Catholic parishes in western Oregon will celebrate Respect Life Sunday on October 3. That Sunday will mark the beginning of a month long observance of promoting respect for life from conception to natural death. The theme for this year is “The measure of love is to love without measure.” Archbishop John G. Vlazny will mark the occasion with a Mass at St. Mary’s Cathedral of the Immaculate Conception on Sunday, October 3 at 11:00 am.
Washington, D.C.—Atheists and agnostics, Jews and Mormons are among the highest-scoring groups on a new survey of religious knowledge by the Pew Research Center’s Forum on Religion & Public Life, outperforming evangelical Protestants, mainline Protestants and Catholics on questions about the core teachings, history and leading figures of major world religions.
On average, Americans correctly answer 16 of the 32 religious knowledge questions on the survey. Atheists and agnostics average 20.9 correct answers. Jews and Mormons do about as well, averaging 20.5 and 20.3 correct answers, respectively. Protestants as a whole average 16 correct answers; Catholics as a whole, 14.7. Atheists and agnostics, Jews and Mormons perform better than other groups on the survey even after controlling for different levels of education.
President Barack Obama went into the most detailed open talk about his faith at a backyard gathering Tuesday. This comes days after he attended Sunday services at St. John’s Episcopal Church which was his first public worship service since Easter of 2009. Obama timing comes on the heels of polls showing that 1 out of 4 Americans think he is a Muslim and during a time of religious heated debates surrounding 99-1 this year. It is almost as if Obama is sharing his faith out of self-defense. If so, this does not look good for those who appreciate open discussion of faith in public and also not good for those who dislike it. No one should be in this position. I fear that politics is already interrupting an already unhealthy national debate on religious issues. (HINT to TV execs, now is the time to do some televised faith town halls to let America have an honest dialogue) Here is what Obama said:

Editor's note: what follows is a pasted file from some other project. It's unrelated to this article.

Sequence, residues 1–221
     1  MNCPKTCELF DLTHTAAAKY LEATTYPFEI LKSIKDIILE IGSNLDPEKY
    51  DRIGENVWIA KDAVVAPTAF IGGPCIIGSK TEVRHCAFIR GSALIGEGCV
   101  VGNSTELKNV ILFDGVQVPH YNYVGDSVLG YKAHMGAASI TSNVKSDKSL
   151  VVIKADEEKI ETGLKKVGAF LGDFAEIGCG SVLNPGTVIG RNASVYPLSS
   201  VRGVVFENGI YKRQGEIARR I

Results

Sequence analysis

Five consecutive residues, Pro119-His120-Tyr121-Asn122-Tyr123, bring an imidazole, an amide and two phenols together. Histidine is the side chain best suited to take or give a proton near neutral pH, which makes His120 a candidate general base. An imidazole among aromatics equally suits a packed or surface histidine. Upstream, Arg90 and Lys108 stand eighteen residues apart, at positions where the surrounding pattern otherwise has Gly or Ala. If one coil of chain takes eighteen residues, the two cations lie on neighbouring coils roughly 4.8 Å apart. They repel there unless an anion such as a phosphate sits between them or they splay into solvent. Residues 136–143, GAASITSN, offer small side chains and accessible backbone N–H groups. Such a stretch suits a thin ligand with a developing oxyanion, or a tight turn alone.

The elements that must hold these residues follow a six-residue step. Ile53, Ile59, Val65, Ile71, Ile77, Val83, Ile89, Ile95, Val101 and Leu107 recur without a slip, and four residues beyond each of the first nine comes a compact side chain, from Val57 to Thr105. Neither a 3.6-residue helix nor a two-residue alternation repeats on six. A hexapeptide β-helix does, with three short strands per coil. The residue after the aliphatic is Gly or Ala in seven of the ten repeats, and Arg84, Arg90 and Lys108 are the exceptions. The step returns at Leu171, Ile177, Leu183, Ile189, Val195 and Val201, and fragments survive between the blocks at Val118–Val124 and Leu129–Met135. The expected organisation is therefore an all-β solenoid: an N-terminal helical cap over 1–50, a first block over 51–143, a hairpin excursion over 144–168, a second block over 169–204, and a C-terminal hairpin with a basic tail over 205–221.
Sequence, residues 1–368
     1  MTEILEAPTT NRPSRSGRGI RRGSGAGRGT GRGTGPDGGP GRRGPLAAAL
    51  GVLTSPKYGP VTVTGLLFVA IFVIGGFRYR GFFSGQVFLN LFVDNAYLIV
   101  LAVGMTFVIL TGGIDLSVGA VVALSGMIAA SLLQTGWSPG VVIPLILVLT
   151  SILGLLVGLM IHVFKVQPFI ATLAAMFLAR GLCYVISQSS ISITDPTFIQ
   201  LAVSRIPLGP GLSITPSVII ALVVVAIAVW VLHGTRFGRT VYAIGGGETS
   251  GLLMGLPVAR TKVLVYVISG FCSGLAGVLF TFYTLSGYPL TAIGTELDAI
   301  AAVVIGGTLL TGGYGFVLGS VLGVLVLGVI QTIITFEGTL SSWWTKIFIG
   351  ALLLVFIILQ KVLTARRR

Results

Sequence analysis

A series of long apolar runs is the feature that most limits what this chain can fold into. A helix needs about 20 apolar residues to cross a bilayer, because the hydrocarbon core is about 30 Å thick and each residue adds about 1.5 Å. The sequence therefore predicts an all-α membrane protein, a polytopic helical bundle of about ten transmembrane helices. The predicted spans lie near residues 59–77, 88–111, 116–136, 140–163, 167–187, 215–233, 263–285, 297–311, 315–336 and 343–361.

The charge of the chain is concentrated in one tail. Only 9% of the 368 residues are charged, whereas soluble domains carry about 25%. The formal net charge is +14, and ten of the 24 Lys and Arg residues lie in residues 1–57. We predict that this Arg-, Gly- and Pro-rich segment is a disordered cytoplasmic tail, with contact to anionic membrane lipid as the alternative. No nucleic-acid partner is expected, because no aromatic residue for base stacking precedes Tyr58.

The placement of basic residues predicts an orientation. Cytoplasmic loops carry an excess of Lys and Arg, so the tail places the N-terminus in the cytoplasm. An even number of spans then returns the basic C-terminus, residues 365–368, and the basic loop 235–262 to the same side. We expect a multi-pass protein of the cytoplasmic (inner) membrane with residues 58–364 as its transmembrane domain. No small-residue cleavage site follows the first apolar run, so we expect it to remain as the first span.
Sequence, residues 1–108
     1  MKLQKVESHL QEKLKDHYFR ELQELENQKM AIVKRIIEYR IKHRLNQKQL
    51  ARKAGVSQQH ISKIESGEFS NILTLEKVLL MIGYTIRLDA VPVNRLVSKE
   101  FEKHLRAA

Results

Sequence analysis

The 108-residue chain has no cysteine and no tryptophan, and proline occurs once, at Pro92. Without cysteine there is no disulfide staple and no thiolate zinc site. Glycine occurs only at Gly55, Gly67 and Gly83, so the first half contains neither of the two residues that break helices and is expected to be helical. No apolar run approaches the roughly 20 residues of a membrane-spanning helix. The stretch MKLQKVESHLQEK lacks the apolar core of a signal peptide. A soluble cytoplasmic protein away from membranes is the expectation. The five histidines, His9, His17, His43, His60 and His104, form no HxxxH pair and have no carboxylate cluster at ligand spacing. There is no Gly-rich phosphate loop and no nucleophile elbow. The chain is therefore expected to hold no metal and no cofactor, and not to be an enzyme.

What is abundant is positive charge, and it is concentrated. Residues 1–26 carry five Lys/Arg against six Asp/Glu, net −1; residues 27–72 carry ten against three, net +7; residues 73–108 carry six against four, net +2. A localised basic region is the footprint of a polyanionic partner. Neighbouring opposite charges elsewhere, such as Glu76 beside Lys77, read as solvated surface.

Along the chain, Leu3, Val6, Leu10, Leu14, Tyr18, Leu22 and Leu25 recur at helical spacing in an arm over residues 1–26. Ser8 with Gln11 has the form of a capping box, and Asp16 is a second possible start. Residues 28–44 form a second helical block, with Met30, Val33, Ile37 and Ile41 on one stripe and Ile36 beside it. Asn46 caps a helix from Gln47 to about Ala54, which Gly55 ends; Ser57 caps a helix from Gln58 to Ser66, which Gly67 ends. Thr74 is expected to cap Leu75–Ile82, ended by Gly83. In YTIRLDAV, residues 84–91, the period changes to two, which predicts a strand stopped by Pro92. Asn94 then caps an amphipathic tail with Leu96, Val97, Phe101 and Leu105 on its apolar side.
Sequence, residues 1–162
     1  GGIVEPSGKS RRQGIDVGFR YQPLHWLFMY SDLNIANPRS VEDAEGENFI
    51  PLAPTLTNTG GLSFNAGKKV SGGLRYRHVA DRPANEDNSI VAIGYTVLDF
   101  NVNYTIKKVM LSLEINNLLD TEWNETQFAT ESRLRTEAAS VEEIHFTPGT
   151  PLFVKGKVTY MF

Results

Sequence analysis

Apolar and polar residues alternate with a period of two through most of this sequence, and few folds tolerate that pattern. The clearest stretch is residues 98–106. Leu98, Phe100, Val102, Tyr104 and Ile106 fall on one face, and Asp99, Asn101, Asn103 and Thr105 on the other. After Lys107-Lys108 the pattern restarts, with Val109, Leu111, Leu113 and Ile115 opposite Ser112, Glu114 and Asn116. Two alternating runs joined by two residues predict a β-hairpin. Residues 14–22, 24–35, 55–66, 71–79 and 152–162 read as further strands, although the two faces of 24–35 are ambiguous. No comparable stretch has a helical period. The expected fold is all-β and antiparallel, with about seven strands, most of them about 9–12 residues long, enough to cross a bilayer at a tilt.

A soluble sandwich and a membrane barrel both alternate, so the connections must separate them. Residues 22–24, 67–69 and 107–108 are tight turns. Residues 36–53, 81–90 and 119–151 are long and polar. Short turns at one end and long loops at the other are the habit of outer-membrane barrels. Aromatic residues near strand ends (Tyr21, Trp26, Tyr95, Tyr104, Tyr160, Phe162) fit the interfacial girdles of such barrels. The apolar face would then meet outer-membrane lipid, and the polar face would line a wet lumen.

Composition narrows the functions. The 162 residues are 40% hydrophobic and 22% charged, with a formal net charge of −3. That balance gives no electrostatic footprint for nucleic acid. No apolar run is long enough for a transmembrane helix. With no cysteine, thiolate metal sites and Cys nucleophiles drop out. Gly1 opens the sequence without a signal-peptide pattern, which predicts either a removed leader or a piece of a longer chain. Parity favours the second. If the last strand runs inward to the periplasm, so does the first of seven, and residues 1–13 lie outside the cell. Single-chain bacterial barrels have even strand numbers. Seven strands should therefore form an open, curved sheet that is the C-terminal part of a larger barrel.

Several Hundred Oregon Catholics skipped Sunday morning mass to hold a gathering in downtown Portland to promote a wider involvement of women in Catholic ministries and clergy roles. The gatherings was put on by One Spirit, One Call and described the event as “…a symbolic opportunity to give public witness to the unjust and unequal treatment of women in the church. It is a powerful statement that we will be gathering during the time we usually are at Mass…” See video of the event here.
The Archbishop of Portland, John Vlazny, told The Oregonian
“I’m not happy about it, Whenever people are disturbed, it’s a good idea to get together and pray. But my job is one that tries to promote the unity of the church, to encourage the church in our evangelization. I’ve tried my best to treat people with fairness.”
Georgene Rice of KPDQ-FM interviews Carol Kent, author of “Between a Rock and a Grace Place: Divine Surprises in the tight spot of life” about her life and dealing with a son who is in jail for homicide.
Georgene: I feel like this is such an excellent book becuase they are so many times that we feel overwhelmed and we feel so cut off from God that there is no possibility of restoring any hopefulness or usefulness. This book says otherwise.